It took me a little longer than usual to come to an appreciation of this disc's special qualities. Perhaps defying convention, Lorin Maazel is becoming an increasingly objective conductor as he ages. It would be easy – but wrong – to hear his work as simply bland. Now he is rather like a jeweler, or maybe a watchmaker with a loupe stuck in his eye, attending to the music-making with infinite care and precision. For example, listen to the end of "Ich bin der Welt abhanden gekommen" from the Rückert-Lieder and you will Maazel handing out the notes as if they were extraordinarily rare diamonds – one can almost hear his fretful frugality. Anguished Mahlerian spasms are kept to a minimum on this new release, and when they do occur, they're a result of the conductor's fine calculations, and not because he has been swept away by the music's irresistible flow.
The lovely Waltraud Meier's voice is appropriate for all three selections on this disc. A mezzo-soprano, she handles the low notes with confidence, and the high notes remain attractive, although they don't open into the glorious fullness that a real soprano would have given them. It came as news to me, and it is worth noting here, that "Das irdische Leben" and "Wo die schönen Trompeten blasen," two of the four Wunderhorn songs offered here, were premièred by Selma Kurz, a coloratura soprano! (It appears that Mahler had a brief but torrid affair with her in the pre-Alma days.) Meier's singing is tasteful and restrained, which makes her a good match for Maazel. At this point, she is not the most insightful interpreter, and she doesn't force you to listen to the music the way that Janet Baker does, for example. Nevertheless, she is very good, and the laser-like coherence of her voice and her dead-on placement of individual notes are something that Baker never had. This is a fine instrument.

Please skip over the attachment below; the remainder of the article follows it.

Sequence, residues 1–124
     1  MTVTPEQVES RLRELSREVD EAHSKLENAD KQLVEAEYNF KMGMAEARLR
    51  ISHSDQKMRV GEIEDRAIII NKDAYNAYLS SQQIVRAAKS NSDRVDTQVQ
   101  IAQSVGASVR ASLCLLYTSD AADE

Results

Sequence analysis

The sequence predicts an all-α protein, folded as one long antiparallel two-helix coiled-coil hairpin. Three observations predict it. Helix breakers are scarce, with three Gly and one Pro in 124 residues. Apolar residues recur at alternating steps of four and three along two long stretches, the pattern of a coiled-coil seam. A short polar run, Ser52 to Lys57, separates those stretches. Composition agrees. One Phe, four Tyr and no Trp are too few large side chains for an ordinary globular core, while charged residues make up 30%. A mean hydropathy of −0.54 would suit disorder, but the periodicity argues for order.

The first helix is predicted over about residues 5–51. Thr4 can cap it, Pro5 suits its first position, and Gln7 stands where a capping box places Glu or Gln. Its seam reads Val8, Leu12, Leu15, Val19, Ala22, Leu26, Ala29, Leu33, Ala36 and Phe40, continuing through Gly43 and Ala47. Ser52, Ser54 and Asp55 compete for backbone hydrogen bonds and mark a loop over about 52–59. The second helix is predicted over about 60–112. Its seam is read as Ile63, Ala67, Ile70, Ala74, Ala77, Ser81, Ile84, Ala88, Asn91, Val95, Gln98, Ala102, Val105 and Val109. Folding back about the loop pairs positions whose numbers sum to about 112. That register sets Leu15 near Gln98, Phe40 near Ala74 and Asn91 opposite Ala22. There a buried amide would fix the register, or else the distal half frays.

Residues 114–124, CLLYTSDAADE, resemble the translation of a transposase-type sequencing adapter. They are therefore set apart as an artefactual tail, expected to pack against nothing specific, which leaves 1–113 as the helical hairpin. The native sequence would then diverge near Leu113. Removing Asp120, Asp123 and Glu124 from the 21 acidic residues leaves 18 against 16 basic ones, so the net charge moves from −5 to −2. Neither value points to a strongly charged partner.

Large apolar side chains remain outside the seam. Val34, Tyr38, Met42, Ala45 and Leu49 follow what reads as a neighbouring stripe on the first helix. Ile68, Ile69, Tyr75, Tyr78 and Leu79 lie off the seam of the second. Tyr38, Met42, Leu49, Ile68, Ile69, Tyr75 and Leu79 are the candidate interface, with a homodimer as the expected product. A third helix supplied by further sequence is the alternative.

There is one moment in particular when Maazel and Meier surprise. "Das irdische Leben," a ghastly little song about child starvation and possible parental neglect, is sung with increasing anger, and the song's climax is definitely vehement, a quality unusual for both this song and these performers. Was a nerve touched here?
Copyright © 1999, Raymond Tuttle